April 27, 2005

Save the Web?

Yahoo has followed Google's lead and rolled out their own snooping operation. They call it "My Web".

This goes in the same direction as Google's "My Search History" privacy violation service, but goes a few steps farther.

As in Google's case, Yahoo is showing zero sensitivity for the data protection problems involved. And they seem to be inducing their millions of registered users to break copyright on a massive scale.

Their neat new service has a "save" button. Users are encouraged to save any web page to a "my web" page.

What exactly gives Yahoo and their users the right to make those copies? I would be surprised if they had licenses from every single owner of the copyright in web pages.

As a publisher of web content, I can't recall to have given Yahoo permission to use my content commercially. Many Creative Commons licenses also don't allow commercial use. And there are even web publishers who reserve all their rights (actually that's the default if you don't declare anything).

Search engines have been given a free pass on copyright violations for too long. Just running a search business along with your advertising and media empire doesn't give you the right to steal everyone's content.

The question of how Google's cache of the Web is compatible with copyright standards is related to this. Cory Doctorow noted that *of course* Google is infringing copyright with that, and implying "as well they should" here.

In contrast, I don't approve of copyright violation on a massive scale.

European law on the exceptions and limitations of copyright is laid down in Article 5 of the 2001 copyright Directive. Number 1 a) gives an exception for caching that does not help Google and Yahoo in making wholesale copies of the Web, since it requires that the cache in question has the sole purpose to enable transmission in a network between third parties by an intermediary.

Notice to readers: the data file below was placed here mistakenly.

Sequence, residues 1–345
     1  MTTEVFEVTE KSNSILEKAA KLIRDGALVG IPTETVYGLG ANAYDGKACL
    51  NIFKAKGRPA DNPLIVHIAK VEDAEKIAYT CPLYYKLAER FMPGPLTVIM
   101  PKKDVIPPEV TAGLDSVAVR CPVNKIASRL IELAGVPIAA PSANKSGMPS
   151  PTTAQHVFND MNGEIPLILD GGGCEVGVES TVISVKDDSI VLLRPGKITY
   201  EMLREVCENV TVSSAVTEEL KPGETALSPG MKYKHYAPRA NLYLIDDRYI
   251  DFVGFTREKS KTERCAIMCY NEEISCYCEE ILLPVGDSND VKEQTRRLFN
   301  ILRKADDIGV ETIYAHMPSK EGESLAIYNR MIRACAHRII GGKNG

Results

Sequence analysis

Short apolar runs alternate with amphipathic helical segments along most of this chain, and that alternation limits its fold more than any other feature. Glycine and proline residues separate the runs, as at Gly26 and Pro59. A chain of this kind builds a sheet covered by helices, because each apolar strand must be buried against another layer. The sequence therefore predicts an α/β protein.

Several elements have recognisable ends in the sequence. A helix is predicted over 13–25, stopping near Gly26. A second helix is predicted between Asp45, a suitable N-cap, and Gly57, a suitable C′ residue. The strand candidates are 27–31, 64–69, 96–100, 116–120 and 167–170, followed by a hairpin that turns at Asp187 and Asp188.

Searching for an exception or limitation for the purpose of building a search engine comes up with zero records in Article 5. It may be noted, however, that the Wayback Machine of the Internet Archive might come close to qualifying for an exception under Number 2 c) (however, the requirement of "specific acts of reproduction" might be not fulfilled).

Google and Yahoo don't even come close anywhere. They are ripping off other people's content for their own commercial gain, without a shadow of an excuse to do so.

As a matter of public policy, I would oppose changing the law to allow search engines to copy other people's works freely. If they want to build a cache, they can do so with the content of authors who want their content mirrored even for commercial gain and declare that license in a machine-readable way. There is no need to assume implied licenses where there are none, and absolutely no excuse for grabbing content from web publishers who are opposed to having their works mirrored to help Google make still more billions of profit.

Have a comment or trackback? You are welcome at k.lenz.name/discuss.

Posted by Karl-Friedrich Lenz at April 27, 2005 03:40 PM